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Lemmy
09-27-2004, 05:44 PM
Hey,

More of a general coding question this one, but could anyone point me in the direction of a page or site, or even recommend a good book dealing with code structure.Eg where to put the likes of fstreams in a big project, like in an FStream.h file or in the .cpp where you are using them ??
This topic has always confused me a little.

Thanks,

Lemmy.

JimmyFo
09-27-2004, 05:49 PM
http://www.cprogramming.com/

http://www.cplusplus.com/ref/

Excellent information, especially if you have at least a general idea of what you want. :)

-james

JimmyFo
09-27-2004, 06:08 PM
Actually, I think I misread your post lol - if you meant where do you put declarations and the like, the general rules I've been taught to follow are that three basic forms are used: header files, main, and implimentation files. Headers are naturally where all of your declarations go, prototypes and objects included. It typically isn't recommended to make fstream variables global... just pass them as paramaters - fstream& As a matter of fact, most teachers seem to discourage globals period since their ability to be accessed from anywhere make them a bit treacherous. The main.cpp contains only the main function, and implimentation.cpp is typically just that. Other than that, it doesn't matter how you divy it up, provided its logical to follow. I hope this is some help

-james

Lemmy
09-27-2004, 06:22 PM
Hey,

Thanks jimmy.Sorry I didnt phrase my question the best.But yea your second answer was more like what im getting at.The cprogramming site did have some very interesting stuff in the faq section though :)
Yea ive heard it somewhere before not to declare fstreams as globals cause of mixups when closing files etc. Would you be able to give me an example of what exactly your talking about in your second post by any chance ?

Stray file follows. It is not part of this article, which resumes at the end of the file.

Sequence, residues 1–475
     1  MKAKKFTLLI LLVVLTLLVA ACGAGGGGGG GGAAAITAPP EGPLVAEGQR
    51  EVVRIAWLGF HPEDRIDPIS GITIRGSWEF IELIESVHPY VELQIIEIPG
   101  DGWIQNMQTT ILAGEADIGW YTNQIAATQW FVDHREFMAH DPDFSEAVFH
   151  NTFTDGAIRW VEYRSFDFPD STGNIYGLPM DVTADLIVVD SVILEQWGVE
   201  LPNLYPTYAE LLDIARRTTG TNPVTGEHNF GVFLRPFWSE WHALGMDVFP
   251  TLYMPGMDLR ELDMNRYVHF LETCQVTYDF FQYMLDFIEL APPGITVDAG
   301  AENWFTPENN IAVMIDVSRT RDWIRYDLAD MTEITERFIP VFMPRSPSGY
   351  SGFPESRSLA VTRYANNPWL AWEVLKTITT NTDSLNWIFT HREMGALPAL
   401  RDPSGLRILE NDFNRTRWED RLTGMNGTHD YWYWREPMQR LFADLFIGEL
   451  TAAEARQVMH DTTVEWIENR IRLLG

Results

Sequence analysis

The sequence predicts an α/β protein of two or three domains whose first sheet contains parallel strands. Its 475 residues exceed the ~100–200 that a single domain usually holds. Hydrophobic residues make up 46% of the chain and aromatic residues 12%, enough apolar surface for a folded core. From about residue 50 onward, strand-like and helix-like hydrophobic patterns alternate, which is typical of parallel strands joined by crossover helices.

JimmyFo
09-27-2004, 06:36 PM
Once you've declared the fstream, say its an input file, and opened it:


ifstream infile;
infile.open("file.dat");you can do your normal manipulations in the function in which you've opened it. In other words, if you want to open it in another function then declare and open it there - it will then be local to that function alone. In that way, you can pass information in and out through the function paramaters. Say you want ints:


void get_int(int&); //can also be (int& nameOfInt if you want. The ampersand makes sure the value gets changed for the return. Or you can return it as the function value

int get_int(); //return infile>>int_name; If you open the file in the main.cpp, pass it to the function that will use it. Here's the prototype:


void takeMyFile (ifstream&) //Add the file name like (ifstream& filename) if you want to lock it for the function, use


void get_int(ifstream& filename)
{
filename>>variable;
}and so on. If you want to use the fstream as a class private member, then you can only access it in class functions, but that's more complex lol... a little. Hope this helps

-james

Lemmy
09-27-2004, 06:53 PM
Thanks again jimmy
Just wondering how heavy declaring and killing file streams as local variables is on cpu time.Do ya have any idea ?

Cheers again,

Lemmy.

JimmyFo
09-27-2004, 07:05 PM
That one I wouldn't know - I'd imagine its much more intensive than passing the file, if you were thinking of closing then reopening. The parameter is just a pointer reference to the file, so its only the size of the address and the interfunction communication has got to be small. Then again, I just guessing lol

-james